Why wearing a pseudo-indigenous headdress is not OK at Calgary Folk Fest

Posted by Roger Kingkade on 20 July 2015

Osheaga posted its headdress ban on Facebook, saying they have "spiritual and cultural meaning" to First Nations.

Anybody who follows the continental cultural road show that is the music festival circuit knows that funky fashion trends are a big part of the experience. There are even websites out there that completely ignore the fact that bands ever take the stage at some of these places. Google “boho babes of Coachella” for proof. (Then Google “hobo babes of Coachella” for fun.)

Styles range from hippy, to street, to a whole bunch of other classifications I am simply not cool enough to comprehend.

Amongst the Instragramage and the Pinterest boards, you’ll see some “Indian” Headdresses of varying degrees of ornate embellishment.

And, friend… that’s not OK. And if it’s not OK at Coachella, it’s not OK at Calgary Folk Fest.

What is OK, is to go ahead and hear why it’s not OK, so that you can understand the issue a little better.

But please heed this: If you currently think a Native American headdress is kitschy attire, nobody is calling you racist, demanding you explain yourself, or going out of their way to be offended. You’re not on trial here. Just as having a fraudulent PhD is offensive to lots of doctors, and wearing unearned military medals is offensive to lots of veterans, wearing a headdress is offensive to lots of indigenous people.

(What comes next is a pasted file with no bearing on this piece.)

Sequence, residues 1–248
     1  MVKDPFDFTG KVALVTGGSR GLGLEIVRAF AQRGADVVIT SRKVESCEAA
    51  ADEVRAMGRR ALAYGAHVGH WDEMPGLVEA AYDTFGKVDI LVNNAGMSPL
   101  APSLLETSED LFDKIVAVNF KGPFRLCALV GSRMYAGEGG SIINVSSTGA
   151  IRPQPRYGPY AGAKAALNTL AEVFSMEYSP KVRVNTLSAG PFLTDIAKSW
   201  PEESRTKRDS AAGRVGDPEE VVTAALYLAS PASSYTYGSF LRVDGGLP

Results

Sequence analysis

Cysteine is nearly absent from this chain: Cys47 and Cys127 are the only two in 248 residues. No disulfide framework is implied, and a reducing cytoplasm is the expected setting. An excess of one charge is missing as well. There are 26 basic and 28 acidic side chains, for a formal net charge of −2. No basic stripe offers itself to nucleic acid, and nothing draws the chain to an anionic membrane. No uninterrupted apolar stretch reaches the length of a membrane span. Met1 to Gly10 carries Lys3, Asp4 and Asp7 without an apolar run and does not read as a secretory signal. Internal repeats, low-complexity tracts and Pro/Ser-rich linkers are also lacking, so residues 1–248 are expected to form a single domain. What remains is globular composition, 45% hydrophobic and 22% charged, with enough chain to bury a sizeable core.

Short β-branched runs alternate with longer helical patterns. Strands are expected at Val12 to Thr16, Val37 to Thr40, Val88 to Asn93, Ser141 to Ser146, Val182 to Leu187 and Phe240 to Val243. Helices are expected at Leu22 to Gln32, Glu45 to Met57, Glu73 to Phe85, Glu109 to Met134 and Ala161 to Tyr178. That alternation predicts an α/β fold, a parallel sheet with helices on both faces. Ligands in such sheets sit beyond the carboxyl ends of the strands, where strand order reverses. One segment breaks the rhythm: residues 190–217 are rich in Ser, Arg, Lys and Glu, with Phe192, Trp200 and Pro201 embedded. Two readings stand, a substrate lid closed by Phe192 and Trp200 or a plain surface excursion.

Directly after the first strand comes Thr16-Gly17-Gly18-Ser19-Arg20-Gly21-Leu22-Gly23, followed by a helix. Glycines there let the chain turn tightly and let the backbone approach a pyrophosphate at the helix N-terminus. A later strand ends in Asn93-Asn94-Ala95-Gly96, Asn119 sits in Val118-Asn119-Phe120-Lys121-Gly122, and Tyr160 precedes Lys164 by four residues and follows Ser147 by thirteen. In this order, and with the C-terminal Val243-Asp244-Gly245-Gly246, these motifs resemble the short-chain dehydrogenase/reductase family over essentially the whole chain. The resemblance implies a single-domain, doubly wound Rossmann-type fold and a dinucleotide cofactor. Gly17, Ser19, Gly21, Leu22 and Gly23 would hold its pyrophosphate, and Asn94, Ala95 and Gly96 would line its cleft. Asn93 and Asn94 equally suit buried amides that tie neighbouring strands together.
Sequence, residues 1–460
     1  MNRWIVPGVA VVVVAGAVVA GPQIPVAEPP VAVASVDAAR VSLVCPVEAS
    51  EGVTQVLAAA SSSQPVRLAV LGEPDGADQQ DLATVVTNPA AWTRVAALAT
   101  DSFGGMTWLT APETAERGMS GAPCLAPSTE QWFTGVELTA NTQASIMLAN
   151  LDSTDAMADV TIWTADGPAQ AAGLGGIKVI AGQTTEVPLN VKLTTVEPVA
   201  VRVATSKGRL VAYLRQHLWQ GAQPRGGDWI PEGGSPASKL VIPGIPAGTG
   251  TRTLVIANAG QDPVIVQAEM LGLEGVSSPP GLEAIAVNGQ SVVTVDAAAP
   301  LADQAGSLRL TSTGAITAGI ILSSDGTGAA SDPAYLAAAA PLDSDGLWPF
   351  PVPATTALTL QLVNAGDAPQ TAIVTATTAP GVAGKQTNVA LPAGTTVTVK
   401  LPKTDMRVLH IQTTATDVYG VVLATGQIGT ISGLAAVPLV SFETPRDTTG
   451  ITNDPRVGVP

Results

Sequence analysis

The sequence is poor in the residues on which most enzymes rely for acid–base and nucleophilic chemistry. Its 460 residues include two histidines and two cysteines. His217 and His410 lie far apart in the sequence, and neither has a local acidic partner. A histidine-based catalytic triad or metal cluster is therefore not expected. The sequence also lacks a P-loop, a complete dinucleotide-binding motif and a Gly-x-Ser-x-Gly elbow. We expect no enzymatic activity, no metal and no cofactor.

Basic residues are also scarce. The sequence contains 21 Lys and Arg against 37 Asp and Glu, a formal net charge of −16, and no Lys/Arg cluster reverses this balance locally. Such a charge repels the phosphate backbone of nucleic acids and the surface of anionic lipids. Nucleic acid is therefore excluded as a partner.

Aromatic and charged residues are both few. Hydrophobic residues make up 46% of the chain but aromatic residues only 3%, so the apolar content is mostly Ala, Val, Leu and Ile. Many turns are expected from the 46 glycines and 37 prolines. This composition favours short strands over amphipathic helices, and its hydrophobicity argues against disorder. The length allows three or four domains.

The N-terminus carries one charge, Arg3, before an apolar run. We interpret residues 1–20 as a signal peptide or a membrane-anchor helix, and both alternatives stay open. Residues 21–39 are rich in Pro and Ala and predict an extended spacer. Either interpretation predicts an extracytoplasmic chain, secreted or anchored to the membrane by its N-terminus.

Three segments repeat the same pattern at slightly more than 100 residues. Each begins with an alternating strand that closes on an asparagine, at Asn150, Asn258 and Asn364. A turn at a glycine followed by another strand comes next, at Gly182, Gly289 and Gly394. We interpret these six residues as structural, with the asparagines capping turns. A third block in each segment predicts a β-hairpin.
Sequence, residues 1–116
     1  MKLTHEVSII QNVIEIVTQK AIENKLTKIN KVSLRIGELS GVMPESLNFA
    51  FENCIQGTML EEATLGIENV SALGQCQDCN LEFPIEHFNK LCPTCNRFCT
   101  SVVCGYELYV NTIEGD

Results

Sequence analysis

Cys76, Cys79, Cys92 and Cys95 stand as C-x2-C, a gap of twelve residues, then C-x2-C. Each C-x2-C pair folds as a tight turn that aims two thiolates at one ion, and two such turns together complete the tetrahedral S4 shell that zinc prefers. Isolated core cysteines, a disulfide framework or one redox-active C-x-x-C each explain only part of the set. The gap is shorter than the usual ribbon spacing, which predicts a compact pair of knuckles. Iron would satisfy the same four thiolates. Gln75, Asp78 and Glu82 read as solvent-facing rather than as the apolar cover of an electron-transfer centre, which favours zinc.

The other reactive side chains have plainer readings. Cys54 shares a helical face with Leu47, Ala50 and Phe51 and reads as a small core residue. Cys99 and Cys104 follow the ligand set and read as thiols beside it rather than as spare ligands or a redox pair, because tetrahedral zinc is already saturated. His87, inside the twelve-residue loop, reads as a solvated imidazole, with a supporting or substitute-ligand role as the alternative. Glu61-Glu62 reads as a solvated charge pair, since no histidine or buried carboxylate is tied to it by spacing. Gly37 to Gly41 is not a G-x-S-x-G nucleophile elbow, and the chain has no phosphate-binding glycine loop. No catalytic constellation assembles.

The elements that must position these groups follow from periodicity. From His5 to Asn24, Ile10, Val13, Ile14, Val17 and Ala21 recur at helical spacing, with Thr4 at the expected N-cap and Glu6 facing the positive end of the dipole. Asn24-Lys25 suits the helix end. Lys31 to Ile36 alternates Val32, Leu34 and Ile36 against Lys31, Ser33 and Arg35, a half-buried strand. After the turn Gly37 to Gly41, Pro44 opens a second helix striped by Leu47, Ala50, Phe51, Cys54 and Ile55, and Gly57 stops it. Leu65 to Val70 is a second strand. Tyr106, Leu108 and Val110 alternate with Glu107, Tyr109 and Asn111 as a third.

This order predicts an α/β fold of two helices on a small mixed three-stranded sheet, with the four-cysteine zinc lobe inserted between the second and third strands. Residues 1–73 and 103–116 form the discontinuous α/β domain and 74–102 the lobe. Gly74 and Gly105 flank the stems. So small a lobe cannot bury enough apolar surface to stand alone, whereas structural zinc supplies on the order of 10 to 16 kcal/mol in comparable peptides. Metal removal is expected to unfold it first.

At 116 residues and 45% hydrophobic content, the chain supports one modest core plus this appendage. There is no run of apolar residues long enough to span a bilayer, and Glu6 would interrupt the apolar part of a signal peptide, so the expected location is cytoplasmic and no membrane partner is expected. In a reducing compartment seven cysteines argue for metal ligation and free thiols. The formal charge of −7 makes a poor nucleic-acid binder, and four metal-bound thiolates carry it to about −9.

Âpihtawikosisân, a Métis person from Lac Ste. Anne, Alta., explains that headdresses and war bonnets are sacred objects in aboriginal cultures. They aren’t on par with, say, a New York Yankees hat anybody can buy anywhere. Headdresses are earned through achievement and leadership that sets an individual apart. That’s why you usually only see them on chiefs.

To native cultures, these objects are sacred. What’s wrong with a few people asking non-natives to agree and respect that? After all, the headdress isn’t the only indigenous item we can incorporate into our summer music fest wardrobe to “honour the culture.”

Debbi Salmonsen, executive director of the Calgary Folk Festival, says they haven’t taken the same step as Edmonton Folk Fest has in banning the attire. They’ve left it to festival-goers to “make appropriate choices” and “respond respectfully” to the conversation this topic has generated. But they do not “endorse anyone wearing culturally inappropriate attire.”

Which brings me back to the point about “honouring the culture.”

If we really want to honour a culture, we should strive to learn more about it. It’s hard to argue we honour native culture by wearing a war bonnet when, if we knew much about said culture, we’d know this action is disrespectful.

A month ago, the Truth and Reconciliation Commission report was released. It was a chance for us all to respectfully engage with one another. Or we can just dismiss this reasonable request for considerate decency and pretend we’re not contributing to the broad, and often racist, divide between native and non-native cultures in Canada.

Roger Kingkade co-hosts the Kingkade and Breakenridge show every weekday morning from 9 a.m. to noon on NewsTalk 770.